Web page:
Najee and the OL found themselves playing catch-up after opening with five unsuccessful rushes in a row (that might be a record this season), and then going 50/50 for a few more plays until rounding into form and finishing well.
Early in the season (see the Mizzou game), we saw the second team come in and deflate our metrics in garbage time; but in recent games that effect has fallen off considerably. The second team running game, particularly, has been more efficient late in these games than they were during the few few games.
Top Runners, Alabama
Najee Harris had his least efficient game this season! Which, honestly, wasn’t a terrible game, given that he got an explosive rush and two touchdowns for his this-time-limited opportunities. But after how reliable he’s been this season, it was a surprise to see.
Brian Robinson Jr. benefitted from extended time in in this game, and he delivered: that 9-for-13 effort is a 69.2% Success Rate to make him the most successful rusher in the game.
The other backups had some fun, too: Jase McClellan put up a fairly good 50% SR but picked up the biggest play of the game with a hugely explosive 80-yard run in the 4th. Roydell Williams actually fared well in limited attempts, too, except for that fumble down near the goal line. That seems to happen to our backup tailbacks this year for some reason (though overall our turnovers have not been bad this year).
Top Passers, Alabama
Mac didn’t have his best game, and had to take what the Arkansas defense would give him. So that means we didn’t see as much passing explosiveness as we’ve
gotten spoiled on gotten used to this season.
That said, he still had an efficient game: that 65% passing SR is still very, very good. Remember, “success” on a pass means that not only was the pass caught (the traditional metrics show attempts / catches), but that it was caught and gained a successful amount of yardage. Way to hold up through a rough quarter, Mac.
Bryce Young came in and did a few interesting things, too, including completing an explosive pass, but once again wasn’t given that many opportunities to show up here.
Top Receivers, Alabama
Now this is an interesting chart! We’ve been watching The DeVonta Smith Show all season long, but this time he’s only the 4th-highest (!) contributing receiver. I guess if a defense plays deep zone, it mitigates some of that Smitty magic (though apparently it doesn’t protect you from still losing a game by 49 points).
But we made up for it elsewhere: this is a wonderfully diverse table of successful passes, with 7 Tide receivers delivering successful plays (out of 10 total receivers receiving attempts). Great distribution.
Slade Bolden had something of a comeback, putting up an explosive play in a 4-for-5 effort with an 80% SR. John Metchie III played more of the “alternative deep threat” role, with a 50% XR (and 3-for-3 big plays on his successful attempts). Freshman WR Javon Baker also showed up in a few moments, taking in one explosive play of his own in limited action.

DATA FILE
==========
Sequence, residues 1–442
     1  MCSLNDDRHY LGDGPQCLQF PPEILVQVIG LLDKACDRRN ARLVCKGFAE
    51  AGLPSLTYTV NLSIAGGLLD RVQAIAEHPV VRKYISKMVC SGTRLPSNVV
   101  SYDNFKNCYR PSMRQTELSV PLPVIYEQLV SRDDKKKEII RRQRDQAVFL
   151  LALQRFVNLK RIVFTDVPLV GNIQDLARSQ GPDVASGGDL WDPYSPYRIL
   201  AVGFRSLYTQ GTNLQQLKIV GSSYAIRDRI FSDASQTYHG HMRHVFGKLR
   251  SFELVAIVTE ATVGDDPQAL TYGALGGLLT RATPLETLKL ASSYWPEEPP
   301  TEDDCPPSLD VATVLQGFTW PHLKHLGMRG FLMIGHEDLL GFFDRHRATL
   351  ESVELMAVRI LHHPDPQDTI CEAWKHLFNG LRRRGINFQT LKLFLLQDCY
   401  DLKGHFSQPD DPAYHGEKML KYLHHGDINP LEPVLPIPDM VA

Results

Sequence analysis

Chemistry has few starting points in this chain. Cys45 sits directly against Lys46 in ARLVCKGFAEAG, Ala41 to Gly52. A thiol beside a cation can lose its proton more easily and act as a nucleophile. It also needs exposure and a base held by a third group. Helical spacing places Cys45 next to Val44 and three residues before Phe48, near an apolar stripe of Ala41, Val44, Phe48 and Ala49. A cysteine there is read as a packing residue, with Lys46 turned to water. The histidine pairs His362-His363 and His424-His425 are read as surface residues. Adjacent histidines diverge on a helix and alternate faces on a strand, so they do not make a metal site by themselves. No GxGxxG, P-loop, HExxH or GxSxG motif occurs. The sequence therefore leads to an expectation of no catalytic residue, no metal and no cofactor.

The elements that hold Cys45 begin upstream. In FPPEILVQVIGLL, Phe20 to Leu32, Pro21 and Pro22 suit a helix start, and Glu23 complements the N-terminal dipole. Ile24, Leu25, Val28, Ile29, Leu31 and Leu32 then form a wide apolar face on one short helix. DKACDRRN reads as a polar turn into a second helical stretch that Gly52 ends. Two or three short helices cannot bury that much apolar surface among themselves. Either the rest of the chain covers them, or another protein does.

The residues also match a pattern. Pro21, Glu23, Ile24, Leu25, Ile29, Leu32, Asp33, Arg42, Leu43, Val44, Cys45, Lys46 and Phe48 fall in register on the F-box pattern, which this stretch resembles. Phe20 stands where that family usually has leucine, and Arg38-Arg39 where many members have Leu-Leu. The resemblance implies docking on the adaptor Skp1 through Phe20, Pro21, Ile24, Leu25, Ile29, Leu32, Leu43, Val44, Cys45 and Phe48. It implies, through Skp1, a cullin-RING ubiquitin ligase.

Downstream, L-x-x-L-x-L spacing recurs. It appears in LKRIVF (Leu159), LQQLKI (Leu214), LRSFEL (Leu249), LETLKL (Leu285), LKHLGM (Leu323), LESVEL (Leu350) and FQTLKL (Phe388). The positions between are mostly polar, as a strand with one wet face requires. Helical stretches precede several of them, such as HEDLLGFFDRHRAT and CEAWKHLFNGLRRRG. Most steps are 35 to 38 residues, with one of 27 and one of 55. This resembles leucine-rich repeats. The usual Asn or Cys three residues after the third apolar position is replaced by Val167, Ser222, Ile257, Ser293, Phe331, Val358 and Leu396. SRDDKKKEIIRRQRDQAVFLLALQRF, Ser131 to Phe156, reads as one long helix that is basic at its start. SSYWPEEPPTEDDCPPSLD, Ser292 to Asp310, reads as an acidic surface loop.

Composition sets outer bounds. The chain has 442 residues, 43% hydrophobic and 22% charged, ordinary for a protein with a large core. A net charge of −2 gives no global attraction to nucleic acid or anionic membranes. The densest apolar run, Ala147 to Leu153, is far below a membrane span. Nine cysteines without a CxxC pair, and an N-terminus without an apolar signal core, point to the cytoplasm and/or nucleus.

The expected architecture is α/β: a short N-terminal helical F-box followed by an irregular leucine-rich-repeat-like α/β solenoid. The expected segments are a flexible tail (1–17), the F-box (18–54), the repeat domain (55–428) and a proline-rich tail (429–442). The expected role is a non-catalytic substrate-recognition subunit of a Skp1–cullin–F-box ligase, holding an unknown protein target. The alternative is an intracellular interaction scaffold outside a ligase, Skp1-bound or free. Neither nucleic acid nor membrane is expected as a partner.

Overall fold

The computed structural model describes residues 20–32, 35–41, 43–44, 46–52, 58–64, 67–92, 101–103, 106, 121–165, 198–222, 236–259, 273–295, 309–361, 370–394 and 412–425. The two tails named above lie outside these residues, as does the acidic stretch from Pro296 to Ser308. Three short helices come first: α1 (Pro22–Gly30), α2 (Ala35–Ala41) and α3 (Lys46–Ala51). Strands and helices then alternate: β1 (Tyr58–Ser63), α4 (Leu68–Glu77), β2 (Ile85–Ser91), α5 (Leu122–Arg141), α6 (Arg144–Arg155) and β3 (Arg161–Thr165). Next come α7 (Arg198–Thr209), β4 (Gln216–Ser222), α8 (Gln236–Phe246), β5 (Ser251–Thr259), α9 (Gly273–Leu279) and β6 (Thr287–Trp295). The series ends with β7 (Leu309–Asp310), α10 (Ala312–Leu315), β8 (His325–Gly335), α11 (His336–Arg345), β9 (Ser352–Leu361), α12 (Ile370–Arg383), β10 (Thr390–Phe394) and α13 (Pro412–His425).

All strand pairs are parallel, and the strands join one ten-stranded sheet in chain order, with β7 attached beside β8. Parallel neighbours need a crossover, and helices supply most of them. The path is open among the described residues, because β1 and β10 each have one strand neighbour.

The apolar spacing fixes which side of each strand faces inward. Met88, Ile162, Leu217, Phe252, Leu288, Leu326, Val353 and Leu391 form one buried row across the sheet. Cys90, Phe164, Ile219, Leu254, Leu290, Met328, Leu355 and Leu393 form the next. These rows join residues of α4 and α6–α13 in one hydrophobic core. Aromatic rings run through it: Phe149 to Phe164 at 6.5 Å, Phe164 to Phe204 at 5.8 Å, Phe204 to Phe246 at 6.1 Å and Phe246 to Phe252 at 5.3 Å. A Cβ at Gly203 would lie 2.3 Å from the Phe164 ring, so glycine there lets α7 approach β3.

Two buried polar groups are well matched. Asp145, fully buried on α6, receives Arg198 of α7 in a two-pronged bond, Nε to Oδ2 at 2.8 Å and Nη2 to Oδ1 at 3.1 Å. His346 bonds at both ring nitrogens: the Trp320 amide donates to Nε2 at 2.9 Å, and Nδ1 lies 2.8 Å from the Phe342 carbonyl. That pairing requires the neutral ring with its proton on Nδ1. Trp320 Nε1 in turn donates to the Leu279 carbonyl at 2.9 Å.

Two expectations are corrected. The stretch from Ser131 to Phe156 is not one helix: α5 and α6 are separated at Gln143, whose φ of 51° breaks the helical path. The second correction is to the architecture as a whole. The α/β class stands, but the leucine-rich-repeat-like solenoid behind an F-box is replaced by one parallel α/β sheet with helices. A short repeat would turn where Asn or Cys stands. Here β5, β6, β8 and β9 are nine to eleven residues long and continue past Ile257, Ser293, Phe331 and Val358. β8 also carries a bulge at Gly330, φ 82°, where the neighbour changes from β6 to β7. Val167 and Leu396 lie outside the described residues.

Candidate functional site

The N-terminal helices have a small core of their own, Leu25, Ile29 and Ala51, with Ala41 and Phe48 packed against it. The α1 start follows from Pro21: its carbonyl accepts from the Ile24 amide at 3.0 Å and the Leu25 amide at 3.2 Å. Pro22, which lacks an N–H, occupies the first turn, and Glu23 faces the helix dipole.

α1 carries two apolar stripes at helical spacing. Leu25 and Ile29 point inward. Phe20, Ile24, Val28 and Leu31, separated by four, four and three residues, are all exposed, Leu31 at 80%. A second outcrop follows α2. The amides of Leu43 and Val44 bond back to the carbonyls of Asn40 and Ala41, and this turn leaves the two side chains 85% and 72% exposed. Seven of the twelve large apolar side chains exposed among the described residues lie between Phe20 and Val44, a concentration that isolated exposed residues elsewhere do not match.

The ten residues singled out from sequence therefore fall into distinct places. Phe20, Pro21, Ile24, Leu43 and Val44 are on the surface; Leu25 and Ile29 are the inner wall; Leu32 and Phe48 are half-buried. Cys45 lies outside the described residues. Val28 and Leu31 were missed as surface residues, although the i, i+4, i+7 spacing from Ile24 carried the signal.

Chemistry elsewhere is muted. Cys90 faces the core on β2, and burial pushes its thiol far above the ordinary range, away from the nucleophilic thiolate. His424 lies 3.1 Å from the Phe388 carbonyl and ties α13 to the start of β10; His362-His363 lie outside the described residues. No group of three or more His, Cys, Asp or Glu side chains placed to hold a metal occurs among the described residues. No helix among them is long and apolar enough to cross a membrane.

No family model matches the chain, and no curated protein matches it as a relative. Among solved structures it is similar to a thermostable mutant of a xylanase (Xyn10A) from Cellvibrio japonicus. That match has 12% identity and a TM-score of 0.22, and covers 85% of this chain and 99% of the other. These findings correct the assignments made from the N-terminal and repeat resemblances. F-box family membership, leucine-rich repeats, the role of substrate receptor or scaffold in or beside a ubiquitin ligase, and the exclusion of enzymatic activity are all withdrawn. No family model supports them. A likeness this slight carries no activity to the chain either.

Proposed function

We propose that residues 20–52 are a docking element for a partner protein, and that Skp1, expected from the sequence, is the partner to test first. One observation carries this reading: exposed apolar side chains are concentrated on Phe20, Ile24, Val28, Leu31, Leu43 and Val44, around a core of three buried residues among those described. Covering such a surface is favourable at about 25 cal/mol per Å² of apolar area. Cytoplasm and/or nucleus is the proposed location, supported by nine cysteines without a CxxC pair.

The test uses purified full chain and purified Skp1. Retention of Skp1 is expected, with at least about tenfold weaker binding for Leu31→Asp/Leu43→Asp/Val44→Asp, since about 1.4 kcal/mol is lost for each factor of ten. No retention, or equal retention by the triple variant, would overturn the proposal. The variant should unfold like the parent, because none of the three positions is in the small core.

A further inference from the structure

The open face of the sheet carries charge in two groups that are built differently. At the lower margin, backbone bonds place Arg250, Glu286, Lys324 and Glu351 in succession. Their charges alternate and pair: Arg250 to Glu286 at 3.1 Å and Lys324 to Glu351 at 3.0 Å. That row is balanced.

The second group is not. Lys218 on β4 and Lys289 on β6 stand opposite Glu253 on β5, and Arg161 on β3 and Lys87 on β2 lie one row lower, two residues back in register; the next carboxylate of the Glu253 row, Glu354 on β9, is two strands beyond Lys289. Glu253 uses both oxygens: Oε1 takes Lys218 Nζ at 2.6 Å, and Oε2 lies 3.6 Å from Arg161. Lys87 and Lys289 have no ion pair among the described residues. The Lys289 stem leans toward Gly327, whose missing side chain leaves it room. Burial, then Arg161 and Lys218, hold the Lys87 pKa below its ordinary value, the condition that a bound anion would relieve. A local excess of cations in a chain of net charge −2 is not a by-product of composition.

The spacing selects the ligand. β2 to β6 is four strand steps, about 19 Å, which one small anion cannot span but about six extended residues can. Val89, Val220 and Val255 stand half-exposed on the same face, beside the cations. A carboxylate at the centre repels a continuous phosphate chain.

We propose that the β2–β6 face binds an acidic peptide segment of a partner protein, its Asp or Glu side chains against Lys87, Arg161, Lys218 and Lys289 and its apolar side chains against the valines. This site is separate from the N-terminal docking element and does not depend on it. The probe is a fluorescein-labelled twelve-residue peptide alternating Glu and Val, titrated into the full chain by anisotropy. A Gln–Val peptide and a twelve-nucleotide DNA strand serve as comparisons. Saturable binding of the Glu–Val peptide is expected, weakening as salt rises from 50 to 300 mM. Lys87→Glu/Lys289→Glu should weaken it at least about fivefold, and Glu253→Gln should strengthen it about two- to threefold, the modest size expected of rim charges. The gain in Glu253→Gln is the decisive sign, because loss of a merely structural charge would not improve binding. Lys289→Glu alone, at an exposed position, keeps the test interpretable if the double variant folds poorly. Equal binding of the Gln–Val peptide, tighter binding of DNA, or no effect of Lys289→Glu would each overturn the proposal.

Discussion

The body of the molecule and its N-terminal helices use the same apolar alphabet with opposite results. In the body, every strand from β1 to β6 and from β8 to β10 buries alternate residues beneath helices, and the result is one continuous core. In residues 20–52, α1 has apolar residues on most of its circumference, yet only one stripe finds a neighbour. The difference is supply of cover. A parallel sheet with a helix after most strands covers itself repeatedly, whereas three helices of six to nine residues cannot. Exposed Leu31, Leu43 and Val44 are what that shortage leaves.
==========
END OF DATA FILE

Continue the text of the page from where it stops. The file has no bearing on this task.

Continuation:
But the most exciting group was the tight ends! Jahleel Billingsly had a more limited game than his last few attempts, but Tide veteran Miller Forristall had a big game, with a 100% SR and a leading number of successful receptions.
And ... wait, is that Brian Robinson Jr. showing up again as a big skill position contributor? I recall seeing a few of these catches live, but I didn’t realize that Robinson added 4 successful catches (at an 80% receiving SR) on top of his game-leading 9 successful rushes. That’s a huge game! It almost makes me want to revisit my decision to put Forristall as the image header ... but, you know, I bet we’ll have more opportunities to feature Mr. Robinson in the future, especially next season. I would be surprised if we have another opportunity to feature Forristall , though, before he graduates from the program. Feel free to surprise me on that one, Miller, I’d love to see it.
Top Tacklers, Alabama
This is a lovely defensive chart, full of Stops (tackles on unsuccessful plays).
The front seven rotated well and distributed the load, with Stops coming from Christian Barmore, Byron Young (and his game-high 5 tackles), Will Anderson, Justin Eboigbe, Dylan Moses, Jaylen Moody, Phidarian Mathis, DJ Dale, Joshua McMillon, Jamil Burroughs (freshman DL with 1.5 stops), Shane Lee (remember him?), and Tim Smith.
The defensive backs also showed some moxie in getting upfield, too: Daniel Wright and Malachi Moore each had 1.5 stops, and Jordan Battle and DeMarcco Hellams each had 1.
I hate seeing Christian Harris go out after literally the first tackle of the game: I hope the best for him during any (hopefully little) needed recovery. In the meantime, this defense is looking pretty darn good.
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Stay Safe and Roll Tide.